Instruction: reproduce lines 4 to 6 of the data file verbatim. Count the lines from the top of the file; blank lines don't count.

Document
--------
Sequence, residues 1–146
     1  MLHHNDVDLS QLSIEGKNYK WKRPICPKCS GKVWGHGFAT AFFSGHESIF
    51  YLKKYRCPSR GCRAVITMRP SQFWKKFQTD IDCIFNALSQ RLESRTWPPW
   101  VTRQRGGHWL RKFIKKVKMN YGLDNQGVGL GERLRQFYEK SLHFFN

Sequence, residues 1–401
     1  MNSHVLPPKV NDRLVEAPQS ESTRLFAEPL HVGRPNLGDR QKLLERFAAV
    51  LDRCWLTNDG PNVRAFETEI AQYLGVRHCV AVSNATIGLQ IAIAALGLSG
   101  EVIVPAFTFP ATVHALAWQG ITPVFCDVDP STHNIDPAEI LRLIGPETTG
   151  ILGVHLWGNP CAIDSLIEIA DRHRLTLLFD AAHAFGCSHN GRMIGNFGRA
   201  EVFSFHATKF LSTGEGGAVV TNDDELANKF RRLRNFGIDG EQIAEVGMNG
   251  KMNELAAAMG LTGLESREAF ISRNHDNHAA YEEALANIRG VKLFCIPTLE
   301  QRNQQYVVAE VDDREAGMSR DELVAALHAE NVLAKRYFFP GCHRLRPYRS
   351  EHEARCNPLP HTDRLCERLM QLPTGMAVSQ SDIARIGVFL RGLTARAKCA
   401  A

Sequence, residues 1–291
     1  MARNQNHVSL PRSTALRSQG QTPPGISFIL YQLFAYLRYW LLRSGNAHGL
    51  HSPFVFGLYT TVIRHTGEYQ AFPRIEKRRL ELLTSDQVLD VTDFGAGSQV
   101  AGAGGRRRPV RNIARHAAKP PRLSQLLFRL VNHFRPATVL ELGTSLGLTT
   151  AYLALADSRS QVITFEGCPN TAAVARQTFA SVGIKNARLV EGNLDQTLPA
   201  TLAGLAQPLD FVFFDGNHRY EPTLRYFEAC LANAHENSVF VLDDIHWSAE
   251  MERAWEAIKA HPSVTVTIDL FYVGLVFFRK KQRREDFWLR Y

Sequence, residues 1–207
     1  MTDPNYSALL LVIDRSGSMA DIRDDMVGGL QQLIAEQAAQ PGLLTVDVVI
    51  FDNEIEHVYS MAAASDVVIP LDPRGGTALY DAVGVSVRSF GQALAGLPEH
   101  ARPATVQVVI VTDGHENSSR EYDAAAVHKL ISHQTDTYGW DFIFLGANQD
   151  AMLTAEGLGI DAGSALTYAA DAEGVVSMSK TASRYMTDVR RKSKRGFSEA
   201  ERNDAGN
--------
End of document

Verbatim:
   101  VTRQRGGHWL RKFIKKVKMN YGLDNQGVGL GERLRQFYEK SLHFFN

Sequence, residues 1–401
     1  MNSHVLPPKV NDRLVEAPQS ESTRLFAEPL HVGRPNLGDR QKLLERFAAV